“At lizt twenty-foer heurs” the clerk informed me at the lost baggage desk. Merde! Stunning weather and no climbing gear for our first day in Chamonix then! Combined with a flooded apartment and our transposal to a bedsit, this was not a good omen for the trip ahead. Nevertheless we bundled on the transfer and I set about trying to scrounge some compensation. With the promise of a small coin purse of Euros we made for the nearest gear shop next day and procured the bear minimum of gear required for a bolted route. Heading up to Le Brevant, we optimistically backed ourselves for an ascent of Poeme a Lou straight out of the gates.
With pitch grades varying quite a bit between guidebooks and our newest select guide down-playing the difficulties, we didn’t fully appreciate the significance of the 6a+ “obligatoire” warning. In the roasting heat things very quickly turned desperate but Debs and Mark did an incredible job leading the first two pitches.
What wasn’t obvious from the guidebook is just how sustained the route is – we figured we could handle a few 6a+ sections but in reality it’s this grade all the way, apart from where it’s harder! Totally done in after only two pitches I handed the reigns to Mark and after multiple falls on the 6b roof we decided to call it a day and face the long walk down after inevitably missing the cable car – something that’s rapidly becoming a theme on our first day of these trips…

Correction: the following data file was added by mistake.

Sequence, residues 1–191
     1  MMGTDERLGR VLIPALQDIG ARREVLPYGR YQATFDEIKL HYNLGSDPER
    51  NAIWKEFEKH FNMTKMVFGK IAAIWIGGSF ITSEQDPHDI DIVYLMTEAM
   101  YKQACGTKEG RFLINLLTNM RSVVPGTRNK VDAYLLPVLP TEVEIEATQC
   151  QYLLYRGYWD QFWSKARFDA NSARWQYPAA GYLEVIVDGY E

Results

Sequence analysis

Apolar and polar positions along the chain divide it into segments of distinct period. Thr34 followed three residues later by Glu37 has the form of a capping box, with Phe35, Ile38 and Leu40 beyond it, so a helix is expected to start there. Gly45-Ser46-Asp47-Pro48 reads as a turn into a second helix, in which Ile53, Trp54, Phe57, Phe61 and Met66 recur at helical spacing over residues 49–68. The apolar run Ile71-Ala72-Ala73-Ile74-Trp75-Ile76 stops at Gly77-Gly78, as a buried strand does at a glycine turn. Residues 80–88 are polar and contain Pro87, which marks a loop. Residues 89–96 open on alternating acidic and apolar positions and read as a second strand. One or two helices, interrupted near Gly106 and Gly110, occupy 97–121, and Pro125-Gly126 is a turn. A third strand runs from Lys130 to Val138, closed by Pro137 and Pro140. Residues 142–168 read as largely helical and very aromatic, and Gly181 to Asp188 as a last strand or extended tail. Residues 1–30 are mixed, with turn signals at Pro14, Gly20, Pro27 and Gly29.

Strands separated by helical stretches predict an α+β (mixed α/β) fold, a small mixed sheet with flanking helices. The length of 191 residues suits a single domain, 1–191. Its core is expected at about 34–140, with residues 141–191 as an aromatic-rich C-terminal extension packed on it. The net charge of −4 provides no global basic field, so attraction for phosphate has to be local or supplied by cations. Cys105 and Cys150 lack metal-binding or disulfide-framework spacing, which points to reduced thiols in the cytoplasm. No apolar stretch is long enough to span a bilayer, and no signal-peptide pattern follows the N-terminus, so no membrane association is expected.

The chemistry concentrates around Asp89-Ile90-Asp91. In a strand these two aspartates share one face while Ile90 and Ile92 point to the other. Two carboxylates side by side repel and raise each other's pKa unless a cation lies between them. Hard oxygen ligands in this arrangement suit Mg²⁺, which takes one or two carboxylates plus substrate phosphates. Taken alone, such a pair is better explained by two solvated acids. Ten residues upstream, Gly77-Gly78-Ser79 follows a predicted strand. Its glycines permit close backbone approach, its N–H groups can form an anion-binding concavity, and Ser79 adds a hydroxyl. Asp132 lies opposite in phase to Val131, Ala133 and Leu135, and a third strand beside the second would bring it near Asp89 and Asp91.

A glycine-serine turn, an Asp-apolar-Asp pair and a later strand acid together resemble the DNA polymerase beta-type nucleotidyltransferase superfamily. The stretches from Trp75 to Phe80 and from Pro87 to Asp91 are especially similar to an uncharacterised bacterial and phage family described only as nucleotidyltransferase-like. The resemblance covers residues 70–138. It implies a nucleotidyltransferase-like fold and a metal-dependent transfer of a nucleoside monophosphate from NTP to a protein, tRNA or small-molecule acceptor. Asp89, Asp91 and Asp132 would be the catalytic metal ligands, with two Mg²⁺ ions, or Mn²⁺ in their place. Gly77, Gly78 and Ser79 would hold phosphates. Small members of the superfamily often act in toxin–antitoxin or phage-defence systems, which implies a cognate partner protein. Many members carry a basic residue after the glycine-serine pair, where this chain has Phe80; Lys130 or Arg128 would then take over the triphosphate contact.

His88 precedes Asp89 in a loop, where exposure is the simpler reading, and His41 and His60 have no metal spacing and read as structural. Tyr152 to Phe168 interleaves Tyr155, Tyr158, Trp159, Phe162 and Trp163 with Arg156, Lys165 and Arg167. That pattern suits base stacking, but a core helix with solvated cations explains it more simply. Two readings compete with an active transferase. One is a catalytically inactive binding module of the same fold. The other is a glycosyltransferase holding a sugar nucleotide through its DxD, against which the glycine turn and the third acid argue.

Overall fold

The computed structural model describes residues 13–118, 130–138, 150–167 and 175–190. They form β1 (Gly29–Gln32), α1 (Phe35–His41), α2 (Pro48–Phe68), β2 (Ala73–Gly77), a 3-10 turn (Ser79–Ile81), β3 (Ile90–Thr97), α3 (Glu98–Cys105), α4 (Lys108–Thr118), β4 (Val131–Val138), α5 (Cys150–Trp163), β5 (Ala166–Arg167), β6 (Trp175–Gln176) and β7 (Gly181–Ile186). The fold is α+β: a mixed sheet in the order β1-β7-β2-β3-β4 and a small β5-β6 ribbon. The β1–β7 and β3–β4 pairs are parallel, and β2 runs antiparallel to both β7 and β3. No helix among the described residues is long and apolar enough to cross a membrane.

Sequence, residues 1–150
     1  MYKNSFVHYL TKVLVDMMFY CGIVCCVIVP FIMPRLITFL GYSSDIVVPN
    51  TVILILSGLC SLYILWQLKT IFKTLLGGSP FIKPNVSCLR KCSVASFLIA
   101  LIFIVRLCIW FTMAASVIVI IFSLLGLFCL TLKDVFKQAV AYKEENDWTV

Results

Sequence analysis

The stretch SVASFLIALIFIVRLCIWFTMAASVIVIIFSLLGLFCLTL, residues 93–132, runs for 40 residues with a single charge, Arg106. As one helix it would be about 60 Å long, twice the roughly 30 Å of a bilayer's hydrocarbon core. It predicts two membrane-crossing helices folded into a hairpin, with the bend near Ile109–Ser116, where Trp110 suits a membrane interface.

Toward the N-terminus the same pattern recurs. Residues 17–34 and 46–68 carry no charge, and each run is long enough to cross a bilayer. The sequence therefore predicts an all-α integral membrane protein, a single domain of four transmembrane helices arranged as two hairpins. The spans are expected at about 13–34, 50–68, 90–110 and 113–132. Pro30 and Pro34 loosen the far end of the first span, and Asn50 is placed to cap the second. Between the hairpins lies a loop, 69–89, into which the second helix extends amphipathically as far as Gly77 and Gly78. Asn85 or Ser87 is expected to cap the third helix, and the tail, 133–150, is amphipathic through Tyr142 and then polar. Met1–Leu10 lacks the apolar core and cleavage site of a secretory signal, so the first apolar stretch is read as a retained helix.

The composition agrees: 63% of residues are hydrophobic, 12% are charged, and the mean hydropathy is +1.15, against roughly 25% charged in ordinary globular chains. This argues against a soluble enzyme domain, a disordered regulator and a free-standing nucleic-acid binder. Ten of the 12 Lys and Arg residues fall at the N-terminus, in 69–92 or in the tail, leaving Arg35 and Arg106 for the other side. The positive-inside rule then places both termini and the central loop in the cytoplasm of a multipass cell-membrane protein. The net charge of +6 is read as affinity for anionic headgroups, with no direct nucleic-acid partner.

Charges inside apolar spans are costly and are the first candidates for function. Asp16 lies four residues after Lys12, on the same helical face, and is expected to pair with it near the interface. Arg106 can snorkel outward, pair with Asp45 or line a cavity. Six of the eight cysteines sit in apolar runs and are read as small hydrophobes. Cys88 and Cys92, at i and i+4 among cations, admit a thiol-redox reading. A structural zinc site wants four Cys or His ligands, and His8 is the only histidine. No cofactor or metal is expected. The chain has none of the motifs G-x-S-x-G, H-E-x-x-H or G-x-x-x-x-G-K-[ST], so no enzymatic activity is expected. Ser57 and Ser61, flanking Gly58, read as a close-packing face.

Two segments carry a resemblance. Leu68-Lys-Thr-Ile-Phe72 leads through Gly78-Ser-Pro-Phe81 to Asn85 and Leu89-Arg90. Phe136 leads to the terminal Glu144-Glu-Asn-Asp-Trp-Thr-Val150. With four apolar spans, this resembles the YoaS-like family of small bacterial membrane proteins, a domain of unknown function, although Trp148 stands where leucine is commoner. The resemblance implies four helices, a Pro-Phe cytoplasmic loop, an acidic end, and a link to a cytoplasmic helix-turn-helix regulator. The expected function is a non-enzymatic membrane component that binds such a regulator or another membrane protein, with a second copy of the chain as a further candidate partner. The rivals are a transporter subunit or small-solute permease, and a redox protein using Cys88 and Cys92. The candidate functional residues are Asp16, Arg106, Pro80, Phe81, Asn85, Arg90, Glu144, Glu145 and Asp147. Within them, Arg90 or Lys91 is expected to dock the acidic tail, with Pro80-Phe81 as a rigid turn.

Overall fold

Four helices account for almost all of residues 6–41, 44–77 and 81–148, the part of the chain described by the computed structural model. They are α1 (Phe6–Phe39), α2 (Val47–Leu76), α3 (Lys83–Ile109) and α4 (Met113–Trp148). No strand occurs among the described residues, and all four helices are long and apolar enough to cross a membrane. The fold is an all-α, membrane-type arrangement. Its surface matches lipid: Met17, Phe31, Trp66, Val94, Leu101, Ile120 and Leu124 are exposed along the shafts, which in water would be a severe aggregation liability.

The next day saw us heading up to the Plan de l’Aiguille with intentions on something a little more mellow but no less spectacular. We stashed bivvy gear and soon found ourselves sketching our way to the base of Lepidopteres on the NW Face of the Aiguille du Peigne. In typical fashion we doubled the guidebook approach time, but I’m glad we took our time on the exposed ledges and finding the start of the route is not trivial!
The route follows a continuous cracked slab for five quality pitches to the notch at the end of the Papillons Ridge (directly above the belayers head in the above photo) and descends as for that route down the Papillons Couloir. We all thought the climbing to be of excellent quality, although surprisingly technical for the grade. The 5b pitch wouldn’t be out of place on a tough VS in Scotland so I would treat the UKC logbook grade of HS with a bit of caution and go with a grade or two in the bag.
We had decided to bivvy to get an early start the next day and following a night interrupted by the sounds of constant and alarming rockfall we made our over the moraines towards the Red Pillar on the West Face of the Aiguille de Blatiere for a pop at the classic Nabot Leon.
When we got to the top of the moraine and could see the final part of the approach we immediately had doubts. Maybe it was the constant rockfall during the night or the fact that any rocks coming down would be funnelled right on to us, but no one fancied it. As we stood around deliberating we watched a rockfall tumble into the bowl above us, right where we would have to walk. This sealed the deal. A real shame as the Red Pillar looked fantastic. As we turned to walk down we were greeted with hordes of climbers intent on heading up that way. Maybe we’re just too risk-adverse?